Why good people are easily corrupted (with Lawrence Lessig)

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I’ve been learning from, and arguing with, Harvard law professor Lawrence Lessig for a decade now. We have a long-running debate over whether money or polarization is the root cause of our political ills. But our debate works because we share a crucial belief: Bad institutions overwhelm good individuals.
In his latest book, America, Compromised, Lessig is doing something ambitious: He’s offering a new definition of institutional corruption, then showing how it plays out in politics, academia, the media, Wall Street, and the legal system. This is a definition of corruption that doesn’t require any individual to be corrupt. But it’s a definition that, if you accept it, suggests much of our society has been corrupted.
Here, Lessig and I discuss what corruption is, how to understand an institution’s purpose, whether capitalism is itself corrupting, our upcoming books about the media, how small donors polarize politics, Lessig’s critique of democracy, why good people are particularly susceptible to institutional corruption, whether we should ban private money in politics, and ways to reinvent representative democracy. So, you know, nothing too big or heady.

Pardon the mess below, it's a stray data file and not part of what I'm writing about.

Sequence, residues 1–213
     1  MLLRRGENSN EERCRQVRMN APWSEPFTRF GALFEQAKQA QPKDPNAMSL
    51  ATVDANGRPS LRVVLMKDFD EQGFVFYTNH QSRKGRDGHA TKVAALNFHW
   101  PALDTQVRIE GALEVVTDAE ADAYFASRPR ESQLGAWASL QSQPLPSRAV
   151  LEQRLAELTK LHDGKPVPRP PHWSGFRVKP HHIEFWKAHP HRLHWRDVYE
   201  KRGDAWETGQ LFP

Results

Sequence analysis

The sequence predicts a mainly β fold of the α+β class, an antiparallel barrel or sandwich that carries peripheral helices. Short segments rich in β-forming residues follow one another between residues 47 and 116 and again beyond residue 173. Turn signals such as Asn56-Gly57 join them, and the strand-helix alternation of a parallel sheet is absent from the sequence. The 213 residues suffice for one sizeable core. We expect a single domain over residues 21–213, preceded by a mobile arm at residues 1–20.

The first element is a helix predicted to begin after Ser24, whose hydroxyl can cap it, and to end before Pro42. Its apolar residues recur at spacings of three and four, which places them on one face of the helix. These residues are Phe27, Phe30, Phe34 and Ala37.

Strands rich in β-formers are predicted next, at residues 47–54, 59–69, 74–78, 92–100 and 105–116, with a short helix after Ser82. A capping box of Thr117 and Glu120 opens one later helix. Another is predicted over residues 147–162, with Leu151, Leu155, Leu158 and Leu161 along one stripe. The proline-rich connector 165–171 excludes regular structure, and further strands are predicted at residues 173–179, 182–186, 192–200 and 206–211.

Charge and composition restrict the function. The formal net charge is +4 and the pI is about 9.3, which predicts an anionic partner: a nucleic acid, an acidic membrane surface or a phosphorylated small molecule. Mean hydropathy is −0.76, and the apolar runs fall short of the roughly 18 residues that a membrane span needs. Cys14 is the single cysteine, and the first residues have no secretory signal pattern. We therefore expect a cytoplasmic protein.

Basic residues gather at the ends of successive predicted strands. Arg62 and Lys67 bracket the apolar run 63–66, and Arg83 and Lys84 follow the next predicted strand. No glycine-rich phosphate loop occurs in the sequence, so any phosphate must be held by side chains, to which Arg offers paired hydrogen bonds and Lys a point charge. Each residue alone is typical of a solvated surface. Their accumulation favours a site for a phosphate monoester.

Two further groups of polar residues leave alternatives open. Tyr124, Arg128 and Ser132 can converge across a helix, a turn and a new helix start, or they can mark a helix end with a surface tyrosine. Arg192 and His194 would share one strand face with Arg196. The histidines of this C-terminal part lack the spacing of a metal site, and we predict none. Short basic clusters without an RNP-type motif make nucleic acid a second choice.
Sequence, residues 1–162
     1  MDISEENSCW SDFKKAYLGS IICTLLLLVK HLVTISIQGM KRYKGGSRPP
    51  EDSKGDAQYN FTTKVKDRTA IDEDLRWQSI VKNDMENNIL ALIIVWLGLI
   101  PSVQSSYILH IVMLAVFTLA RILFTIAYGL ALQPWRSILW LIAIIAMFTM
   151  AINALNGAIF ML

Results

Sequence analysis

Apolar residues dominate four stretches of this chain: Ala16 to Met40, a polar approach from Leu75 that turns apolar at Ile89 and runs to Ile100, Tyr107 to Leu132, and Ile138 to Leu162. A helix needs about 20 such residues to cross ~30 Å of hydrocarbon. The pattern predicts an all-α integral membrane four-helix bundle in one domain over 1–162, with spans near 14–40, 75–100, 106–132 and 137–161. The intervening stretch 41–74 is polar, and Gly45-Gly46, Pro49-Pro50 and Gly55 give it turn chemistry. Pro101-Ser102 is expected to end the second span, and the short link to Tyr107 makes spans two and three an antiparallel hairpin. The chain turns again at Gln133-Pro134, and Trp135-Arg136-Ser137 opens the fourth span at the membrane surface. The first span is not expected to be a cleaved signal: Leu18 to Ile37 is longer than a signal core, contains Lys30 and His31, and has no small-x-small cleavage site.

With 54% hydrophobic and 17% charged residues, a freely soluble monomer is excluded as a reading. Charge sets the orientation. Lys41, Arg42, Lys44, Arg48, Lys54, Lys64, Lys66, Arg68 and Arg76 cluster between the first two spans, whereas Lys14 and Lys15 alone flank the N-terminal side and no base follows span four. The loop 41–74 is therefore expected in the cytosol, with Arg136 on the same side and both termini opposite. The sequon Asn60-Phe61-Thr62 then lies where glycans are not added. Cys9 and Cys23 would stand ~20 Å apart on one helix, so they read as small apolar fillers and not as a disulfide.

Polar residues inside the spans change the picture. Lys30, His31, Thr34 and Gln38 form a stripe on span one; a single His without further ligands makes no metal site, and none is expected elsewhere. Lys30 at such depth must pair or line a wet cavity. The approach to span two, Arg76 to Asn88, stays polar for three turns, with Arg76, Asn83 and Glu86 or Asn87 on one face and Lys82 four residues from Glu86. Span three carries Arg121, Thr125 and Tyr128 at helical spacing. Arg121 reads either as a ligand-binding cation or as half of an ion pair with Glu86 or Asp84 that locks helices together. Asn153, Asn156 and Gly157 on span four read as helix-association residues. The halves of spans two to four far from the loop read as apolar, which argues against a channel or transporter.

Book recommendations:
The Half Has Never Been Told: Slavery and the Making of American Capitalismby Edward E. Baptist
Political Order and Political Decay: From the Industrial Revolution to the Globalization of Democracy by Francis Fukuyama
The Age of Surveillance Capitalism: The Fight for a Human Future at the New Frontier of Powerby Shoshana Zuboff
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